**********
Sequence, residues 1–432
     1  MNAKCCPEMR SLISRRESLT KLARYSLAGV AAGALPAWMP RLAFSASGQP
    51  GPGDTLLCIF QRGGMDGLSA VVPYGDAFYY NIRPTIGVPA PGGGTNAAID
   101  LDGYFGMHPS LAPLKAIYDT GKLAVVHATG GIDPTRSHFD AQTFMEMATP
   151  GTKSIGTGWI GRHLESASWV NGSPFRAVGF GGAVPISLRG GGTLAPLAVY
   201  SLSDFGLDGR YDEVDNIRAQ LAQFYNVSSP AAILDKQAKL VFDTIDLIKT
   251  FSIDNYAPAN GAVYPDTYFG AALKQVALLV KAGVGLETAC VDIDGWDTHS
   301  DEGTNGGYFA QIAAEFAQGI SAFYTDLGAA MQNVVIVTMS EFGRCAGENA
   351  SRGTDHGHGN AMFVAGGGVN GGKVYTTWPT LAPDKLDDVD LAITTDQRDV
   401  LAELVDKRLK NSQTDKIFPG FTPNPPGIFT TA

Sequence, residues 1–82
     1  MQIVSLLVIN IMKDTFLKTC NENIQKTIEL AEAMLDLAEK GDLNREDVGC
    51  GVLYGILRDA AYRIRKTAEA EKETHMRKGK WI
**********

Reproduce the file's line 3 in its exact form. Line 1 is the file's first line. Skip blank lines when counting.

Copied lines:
    51  GPGDTLLCIF QRGGMDGLSA VVPYGDAFYY NIRPTIGVPA PGGGTNAAID